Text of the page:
Lucerne the king
Lucerne has long been called the king of fodder crops because of its high protein content and nutritious hay1. Lucerne belongs to the leguminous family which contains all plants that have the ability to fix nitrogen from the atmosphere and deposits it directly to plant roots.
These special plants are able to do this through the rhizobium bacteria which live inside the root nodules. Pasture that has legumes, specifically lucerne, in the mixture normally require very little or no nitrogen fertiliser as lucerne can fix up to 284 kg N/ha/year2.
Lucerne has a very vigorous root system. As a result, it is able to scavenge the soil for water and nutrients, a characteristic which becomes handy during drought periods. This ability to move through deep layers makes it a good pasture to plant in dryland conditions. However, for lucerne to thrive, the soil health needs to be in a certain state. Below are some basic soil requirements for growing lucerne:
Good soil drainage
Soils that are underwater for long periods during the year can cause diseases to develop in seedlings. It is paramount that lucerne is planted in soils that do not experience waterlogging. Poorly drained soils will also reduce the amount of oxygen in the soil. This will cause respiratory problems for the microbes that are responsible for N fixation in the root thereby leading to a poor N fixation rate.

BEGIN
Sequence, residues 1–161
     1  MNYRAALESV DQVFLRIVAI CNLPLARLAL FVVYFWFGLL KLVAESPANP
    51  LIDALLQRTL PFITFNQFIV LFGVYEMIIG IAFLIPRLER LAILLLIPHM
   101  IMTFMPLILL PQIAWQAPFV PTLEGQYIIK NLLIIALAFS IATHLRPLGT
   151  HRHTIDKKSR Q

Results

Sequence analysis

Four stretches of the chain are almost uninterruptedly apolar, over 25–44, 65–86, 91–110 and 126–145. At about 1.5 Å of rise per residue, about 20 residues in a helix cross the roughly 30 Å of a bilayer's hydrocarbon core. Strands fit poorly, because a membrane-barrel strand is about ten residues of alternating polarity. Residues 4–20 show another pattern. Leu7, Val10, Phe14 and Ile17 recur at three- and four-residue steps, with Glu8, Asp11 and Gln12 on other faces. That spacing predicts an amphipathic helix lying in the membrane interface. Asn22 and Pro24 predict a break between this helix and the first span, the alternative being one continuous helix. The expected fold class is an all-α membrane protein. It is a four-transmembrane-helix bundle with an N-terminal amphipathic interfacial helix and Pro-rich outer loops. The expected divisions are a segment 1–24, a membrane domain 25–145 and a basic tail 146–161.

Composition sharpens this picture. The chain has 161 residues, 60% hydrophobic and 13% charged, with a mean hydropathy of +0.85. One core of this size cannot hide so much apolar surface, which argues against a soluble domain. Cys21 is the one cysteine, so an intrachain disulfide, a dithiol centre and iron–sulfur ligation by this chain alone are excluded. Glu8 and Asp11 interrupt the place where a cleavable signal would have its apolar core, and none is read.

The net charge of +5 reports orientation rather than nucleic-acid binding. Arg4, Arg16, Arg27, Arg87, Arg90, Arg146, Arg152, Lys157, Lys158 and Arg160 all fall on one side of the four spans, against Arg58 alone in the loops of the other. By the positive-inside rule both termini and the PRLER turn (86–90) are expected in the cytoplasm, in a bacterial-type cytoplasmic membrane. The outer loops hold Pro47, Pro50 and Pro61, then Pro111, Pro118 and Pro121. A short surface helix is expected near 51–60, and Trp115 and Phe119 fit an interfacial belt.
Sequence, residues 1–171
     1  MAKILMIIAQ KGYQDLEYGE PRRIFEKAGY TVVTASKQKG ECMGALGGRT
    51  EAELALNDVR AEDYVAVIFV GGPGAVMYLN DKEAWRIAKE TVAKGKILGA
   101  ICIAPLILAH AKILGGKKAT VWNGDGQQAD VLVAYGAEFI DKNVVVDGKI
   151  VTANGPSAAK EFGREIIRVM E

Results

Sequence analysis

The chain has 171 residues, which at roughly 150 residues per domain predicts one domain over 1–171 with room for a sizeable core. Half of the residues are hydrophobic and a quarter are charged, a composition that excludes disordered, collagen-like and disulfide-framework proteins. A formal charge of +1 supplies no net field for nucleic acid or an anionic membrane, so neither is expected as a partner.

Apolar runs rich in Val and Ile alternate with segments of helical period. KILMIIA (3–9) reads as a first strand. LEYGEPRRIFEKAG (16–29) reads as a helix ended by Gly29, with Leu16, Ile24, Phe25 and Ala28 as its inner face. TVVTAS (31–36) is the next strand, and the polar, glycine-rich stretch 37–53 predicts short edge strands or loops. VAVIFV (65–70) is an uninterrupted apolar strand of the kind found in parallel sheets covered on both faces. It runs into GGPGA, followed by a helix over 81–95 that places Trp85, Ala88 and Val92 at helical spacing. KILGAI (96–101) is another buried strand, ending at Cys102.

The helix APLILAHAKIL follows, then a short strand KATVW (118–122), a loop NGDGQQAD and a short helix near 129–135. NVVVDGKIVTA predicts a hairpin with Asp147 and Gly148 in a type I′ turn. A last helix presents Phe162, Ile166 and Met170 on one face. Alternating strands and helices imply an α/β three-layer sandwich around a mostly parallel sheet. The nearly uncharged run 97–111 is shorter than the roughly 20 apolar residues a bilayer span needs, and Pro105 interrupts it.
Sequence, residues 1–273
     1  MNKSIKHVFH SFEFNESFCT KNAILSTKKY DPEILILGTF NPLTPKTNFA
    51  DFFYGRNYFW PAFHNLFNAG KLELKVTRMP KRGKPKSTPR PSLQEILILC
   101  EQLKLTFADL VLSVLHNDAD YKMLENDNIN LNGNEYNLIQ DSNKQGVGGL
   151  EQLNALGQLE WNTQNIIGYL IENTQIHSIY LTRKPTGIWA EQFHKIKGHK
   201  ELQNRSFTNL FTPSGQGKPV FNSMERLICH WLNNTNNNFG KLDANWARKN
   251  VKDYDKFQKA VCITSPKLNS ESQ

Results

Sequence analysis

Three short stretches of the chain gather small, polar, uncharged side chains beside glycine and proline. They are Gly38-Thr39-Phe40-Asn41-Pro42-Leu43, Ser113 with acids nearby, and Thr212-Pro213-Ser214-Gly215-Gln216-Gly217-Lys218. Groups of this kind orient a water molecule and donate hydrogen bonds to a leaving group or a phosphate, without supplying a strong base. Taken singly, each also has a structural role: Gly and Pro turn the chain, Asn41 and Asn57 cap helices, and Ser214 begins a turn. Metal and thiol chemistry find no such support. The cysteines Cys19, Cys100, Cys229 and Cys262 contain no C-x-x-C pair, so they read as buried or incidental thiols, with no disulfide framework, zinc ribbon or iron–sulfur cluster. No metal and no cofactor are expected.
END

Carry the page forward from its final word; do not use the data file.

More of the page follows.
Optimal phosphorus levels in the soil
Lucerne utilises large amounts of P. It is therefore important that any soil phosphorus deficiencies are corrected before planting. The P is important as it stimulates root growth and is important in the flowering and seed setting processes.
High soil pH and calcium levels
Lucerne is one of the few crops which grow well on a soil with a high pH. Along with a high pH, adequate Ca levels are also necessary for optimal growth. Applying sufficient lime to reach a pH of 7 and a Ca percentage of 70% is advised. Lucerne grown on low pH soils is at a high risk of aluminium toxicity which interferes with root development. The stunted growth of roots will limit the effectiveness of lucerne’s ability to fix nitrogen, resulting in low yields. Correcting the soil pH is, therefore, a prerequisite for optimal growth.
When these soil conditions are met, lucerne will be able to thrive, providing nutritious fodder to cattle. Farmers that include lucerne as part of their pasture mixtures will benefit from free nitrogen both from the atmosphere and from an enhanced mineralisation rate that will be stimulated by diverse pastures. The free nitrogen will help reduce fertiliser costs and improve farm efficiency.
Lategan K. 2014. Lucerne for beginners. Available at: https://www.farmersweekly.co.za/farm-basics/how-to-crop/lucerne-for-beginners-1/
Peoples, M.; Bowman, A.; Gault, R.; Herridge, D.; McCallum, M.; McCormick, K.; Norton, R.; Rochester, I.; Scammell, G.; Schwenke, G. 2001. Factors regulating the contributions of fixed nitrogen by pasture and crop legumes to different farming systems of eastern Australia. Plant and Soil 228: 29- 41.